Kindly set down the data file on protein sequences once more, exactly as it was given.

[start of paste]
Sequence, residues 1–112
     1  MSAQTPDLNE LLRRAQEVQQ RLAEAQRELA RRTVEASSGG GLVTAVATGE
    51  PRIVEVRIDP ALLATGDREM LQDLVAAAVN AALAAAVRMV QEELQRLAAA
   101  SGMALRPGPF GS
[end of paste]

Sequence, residues 1–112
     1  MSAQTPDLNE LLRRAQEVQQ RLAEAQRELA RRTVEASSGG GLVTAVATGE
    51  PRIVEVRIDP ALLATGDREM LQDLVAAAVN AALAAAVRMV QEELQRLAAA
   101  SGMALRPGPF GS